Eric Bolling After Fox Suspension: "I Look Forward To Clearing My Name"

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Update: After he was suspended for allegedly sending inappropriate texts to female coworkers, Fox News host Eric Bolling maintained his innocence. He wrote in a tweet Monday morning, "Overwhelmed by all the support I have received. Thank you. I look forward to clearing my name asap."
This story was originally published on August 6, 2017.
In a statement to Entertainment Weekly, Fox News confirmed that host Eric Bolling has been suspended following reports that he sent unsolicited lewd text messages to at least three women colleagues. A network spokesperson told EW that Bolling "has been suspended pending the results of an investigation, which is currently underway."
On Friday, the Huffington Post broke the story, citing a dozen sources who had either directly received the messages, seen the messages, or been told about the messages. The texts were reportedly sent a few years ago to at least three different women that Bolling worked with at both Fox News and Fox Business, and contained images of male genitalia.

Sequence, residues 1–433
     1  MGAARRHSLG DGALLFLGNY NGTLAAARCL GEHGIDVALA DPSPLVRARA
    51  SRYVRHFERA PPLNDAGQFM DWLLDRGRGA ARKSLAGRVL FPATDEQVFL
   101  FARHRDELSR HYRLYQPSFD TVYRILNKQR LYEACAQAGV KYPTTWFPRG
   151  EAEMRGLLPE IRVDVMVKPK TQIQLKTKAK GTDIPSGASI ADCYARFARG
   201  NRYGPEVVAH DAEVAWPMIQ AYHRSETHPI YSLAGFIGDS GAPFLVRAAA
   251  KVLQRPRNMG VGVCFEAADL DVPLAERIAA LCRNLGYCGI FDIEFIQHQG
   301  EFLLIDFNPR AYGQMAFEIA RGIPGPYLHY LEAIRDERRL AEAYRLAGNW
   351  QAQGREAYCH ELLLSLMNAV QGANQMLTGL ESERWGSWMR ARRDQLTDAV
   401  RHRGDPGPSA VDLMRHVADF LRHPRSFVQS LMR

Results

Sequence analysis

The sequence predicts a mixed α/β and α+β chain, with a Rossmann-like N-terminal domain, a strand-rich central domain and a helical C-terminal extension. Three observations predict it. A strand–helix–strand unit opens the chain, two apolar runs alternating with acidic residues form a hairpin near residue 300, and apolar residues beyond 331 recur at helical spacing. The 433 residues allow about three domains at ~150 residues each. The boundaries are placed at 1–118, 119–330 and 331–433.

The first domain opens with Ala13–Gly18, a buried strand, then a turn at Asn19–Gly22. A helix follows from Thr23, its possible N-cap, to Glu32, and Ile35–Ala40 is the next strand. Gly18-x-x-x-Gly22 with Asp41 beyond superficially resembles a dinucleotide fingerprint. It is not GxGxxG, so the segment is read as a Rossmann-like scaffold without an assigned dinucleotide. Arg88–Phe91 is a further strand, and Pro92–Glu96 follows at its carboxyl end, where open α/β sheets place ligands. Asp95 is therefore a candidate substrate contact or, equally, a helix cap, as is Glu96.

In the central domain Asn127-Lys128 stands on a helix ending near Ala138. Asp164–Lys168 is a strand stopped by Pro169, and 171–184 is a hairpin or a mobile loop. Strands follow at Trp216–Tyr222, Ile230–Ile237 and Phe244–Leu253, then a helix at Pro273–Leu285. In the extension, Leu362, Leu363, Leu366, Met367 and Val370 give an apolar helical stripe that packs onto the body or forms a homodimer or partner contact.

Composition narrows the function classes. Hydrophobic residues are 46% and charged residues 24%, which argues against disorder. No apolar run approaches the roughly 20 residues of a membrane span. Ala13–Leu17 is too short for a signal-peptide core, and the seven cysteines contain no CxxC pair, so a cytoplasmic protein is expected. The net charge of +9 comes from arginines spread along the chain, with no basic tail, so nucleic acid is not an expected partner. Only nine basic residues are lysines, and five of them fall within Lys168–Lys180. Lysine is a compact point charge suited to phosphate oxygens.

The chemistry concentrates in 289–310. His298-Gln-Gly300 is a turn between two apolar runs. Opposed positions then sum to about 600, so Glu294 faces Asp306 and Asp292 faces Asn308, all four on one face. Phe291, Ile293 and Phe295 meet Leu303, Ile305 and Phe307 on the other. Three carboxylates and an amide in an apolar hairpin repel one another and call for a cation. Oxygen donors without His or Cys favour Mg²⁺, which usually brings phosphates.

Bolling, whose contract at Fox News was recently renewed, has been at the networks since 2007 when he left CNBC. He is one of the hosts of the show The Specialists, alongside Eboni K. Williams and Katherine Timpf. Previously, he was one of the hosts on The Five and filled in for Bill O'Reilly and Sean Hannity at times. He is also the host of Cashin' In on Fox Business, and has written two books, Wake Up America: The Nine Virtues That Made Our Nation Great--and Why We Need Them More Than Ever and The Swamp: Washington's Murky Pool of Corruption and Cronyism and How Trump Can Drain It.
In a statement to EW, Bolling's attorney, Michael J. Bowe, said, "The anonymous, uncorroborated claims are untrue and terribly unfair. We intend to fully cooperate with the investigation so that it can be concluded and Eric can return to work as quickly as possible."
Fox News has found itself in the middle of several sexual harassment scandals in recent years. In July 2016, longtime CEO Roger Ailes resigned following accusations of harassment by at least seven women, including Gretchen Carlson (in a lawsuit) and Megyn Kelly (in her memoir). Earlier this year, host Bill O'Reilly left the network after the New York Times revealed that at least five women had privately settled harassment lawsuits against him. There have been numerous other lawsuits regarding gender discrimination and harassment, as well as a class-action racial discrimination lawsuit against the network filed earlier this year.

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